"It all comes down to soil, water and sunshine. It's the economics that's changed."
Jamie Williams leans over, snatches a hard, green tomato off a staked vine and slices through the middle in a swift, rote motion he's repeated hundreds of times through the years.
"They're getting close, real close. … They're starting to gel," he says.
Williams, 55, has witnessed the tomato industry's evolution. First, from his family's tomato farm in Immokalee, and now as director of Florida farming for Lipman Produce, the largest field tomato grower in North America. He's seen the emergence of Global Positioning Systems to maximize crop production and the rollout of underground pumping systems. He's seen a migrant worker population once filled with young African-American and Puerto Rican pickers shift to traveling groups of primarily older Hispanic workers.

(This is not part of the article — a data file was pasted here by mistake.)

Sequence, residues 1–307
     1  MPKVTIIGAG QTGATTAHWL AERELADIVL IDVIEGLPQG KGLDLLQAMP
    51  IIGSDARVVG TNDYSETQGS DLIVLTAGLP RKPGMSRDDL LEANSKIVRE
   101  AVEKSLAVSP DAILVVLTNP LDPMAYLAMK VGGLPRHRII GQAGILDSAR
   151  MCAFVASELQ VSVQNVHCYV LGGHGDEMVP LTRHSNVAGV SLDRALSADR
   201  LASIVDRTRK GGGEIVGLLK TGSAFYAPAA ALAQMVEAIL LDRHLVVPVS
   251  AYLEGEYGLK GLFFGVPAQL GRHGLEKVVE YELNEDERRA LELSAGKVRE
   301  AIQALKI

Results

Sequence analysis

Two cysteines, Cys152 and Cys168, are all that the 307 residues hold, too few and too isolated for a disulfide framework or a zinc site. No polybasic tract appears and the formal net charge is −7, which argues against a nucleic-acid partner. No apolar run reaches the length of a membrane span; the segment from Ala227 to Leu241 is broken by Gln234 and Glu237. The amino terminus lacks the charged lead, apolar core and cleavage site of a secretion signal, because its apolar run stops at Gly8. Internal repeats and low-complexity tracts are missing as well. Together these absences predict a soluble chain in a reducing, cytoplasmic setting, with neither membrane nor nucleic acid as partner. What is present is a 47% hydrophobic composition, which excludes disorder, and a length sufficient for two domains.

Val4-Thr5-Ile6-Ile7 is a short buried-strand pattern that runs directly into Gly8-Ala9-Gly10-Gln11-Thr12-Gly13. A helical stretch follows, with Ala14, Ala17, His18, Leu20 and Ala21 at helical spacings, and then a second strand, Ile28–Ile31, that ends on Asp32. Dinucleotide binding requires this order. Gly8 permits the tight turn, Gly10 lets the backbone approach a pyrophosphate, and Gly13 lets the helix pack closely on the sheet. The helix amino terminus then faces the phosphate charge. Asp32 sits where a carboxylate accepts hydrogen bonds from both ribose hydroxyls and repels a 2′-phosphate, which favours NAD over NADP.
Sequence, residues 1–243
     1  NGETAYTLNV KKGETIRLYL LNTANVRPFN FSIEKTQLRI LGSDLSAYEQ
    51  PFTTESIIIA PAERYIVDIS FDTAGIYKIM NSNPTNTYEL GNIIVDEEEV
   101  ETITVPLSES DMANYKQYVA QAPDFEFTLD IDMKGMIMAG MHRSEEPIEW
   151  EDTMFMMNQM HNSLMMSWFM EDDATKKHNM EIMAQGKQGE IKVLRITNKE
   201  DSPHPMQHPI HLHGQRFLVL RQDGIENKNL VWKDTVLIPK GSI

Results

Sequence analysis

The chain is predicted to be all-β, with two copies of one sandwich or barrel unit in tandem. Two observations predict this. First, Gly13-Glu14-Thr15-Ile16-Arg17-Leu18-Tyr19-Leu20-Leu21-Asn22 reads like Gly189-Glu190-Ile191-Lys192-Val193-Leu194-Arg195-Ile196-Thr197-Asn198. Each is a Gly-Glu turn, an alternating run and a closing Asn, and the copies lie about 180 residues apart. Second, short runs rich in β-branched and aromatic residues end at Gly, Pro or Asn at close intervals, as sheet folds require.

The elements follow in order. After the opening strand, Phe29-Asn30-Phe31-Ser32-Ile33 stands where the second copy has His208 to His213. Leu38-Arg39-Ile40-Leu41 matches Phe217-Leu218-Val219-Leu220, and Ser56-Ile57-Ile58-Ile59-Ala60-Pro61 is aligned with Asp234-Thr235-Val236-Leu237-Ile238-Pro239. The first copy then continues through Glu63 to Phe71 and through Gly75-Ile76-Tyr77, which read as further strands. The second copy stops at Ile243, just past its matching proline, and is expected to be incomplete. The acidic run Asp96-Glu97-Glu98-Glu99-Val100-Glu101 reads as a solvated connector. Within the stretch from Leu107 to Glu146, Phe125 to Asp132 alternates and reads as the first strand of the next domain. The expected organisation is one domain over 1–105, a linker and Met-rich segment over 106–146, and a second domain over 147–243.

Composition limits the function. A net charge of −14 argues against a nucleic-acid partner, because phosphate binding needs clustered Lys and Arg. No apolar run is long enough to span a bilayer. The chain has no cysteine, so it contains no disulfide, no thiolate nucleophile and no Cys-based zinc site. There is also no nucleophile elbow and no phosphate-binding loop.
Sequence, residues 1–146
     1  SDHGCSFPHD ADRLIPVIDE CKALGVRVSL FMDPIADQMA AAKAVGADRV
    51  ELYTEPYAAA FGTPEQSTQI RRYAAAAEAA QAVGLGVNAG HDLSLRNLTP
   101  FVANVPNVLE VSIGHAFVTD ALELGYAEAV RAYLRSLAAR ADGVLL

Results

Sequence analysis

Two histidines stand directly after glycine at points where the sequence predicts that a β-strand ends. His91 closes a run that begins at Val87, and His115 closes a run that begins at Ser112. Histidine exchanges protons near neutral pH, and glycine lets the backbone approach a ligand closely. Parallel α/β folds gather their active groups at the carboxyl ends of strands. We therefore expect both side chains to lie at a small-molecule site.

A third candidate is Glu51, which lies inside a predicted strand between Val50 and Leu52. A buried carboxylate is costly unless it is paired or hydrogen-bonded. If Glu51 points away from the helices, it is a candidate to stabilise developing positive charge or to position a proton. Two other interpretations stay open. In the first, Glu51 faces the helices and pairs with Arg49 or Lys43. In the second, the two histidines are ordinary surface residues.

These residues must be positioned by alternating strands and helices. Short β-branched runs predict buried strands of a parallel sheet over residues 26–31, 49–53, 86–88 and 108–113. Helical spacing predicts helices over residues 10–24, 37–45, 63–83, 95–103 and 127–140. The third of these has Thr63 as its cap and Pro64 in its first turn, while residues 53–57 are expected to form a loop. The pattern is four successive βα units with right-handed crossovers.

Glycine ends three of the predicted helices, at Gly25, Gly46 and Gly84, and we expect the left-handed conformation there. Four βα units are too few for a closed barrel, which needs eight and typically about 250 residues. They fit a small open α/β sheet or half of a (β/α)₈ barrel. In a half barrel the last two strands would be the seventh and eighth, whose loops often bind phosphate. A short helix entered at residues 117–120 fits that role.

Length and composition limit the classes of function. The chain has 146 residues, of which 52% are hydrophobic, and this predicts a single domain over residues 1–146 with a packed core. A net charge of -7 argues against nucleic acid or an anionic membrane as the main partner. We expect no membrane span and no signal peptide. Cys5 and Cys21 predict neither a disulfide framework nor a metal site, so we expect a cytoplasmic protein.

What he has never seen is a climate in which it's so difficult to make a profit.
Read more at the Tampa Bay Times.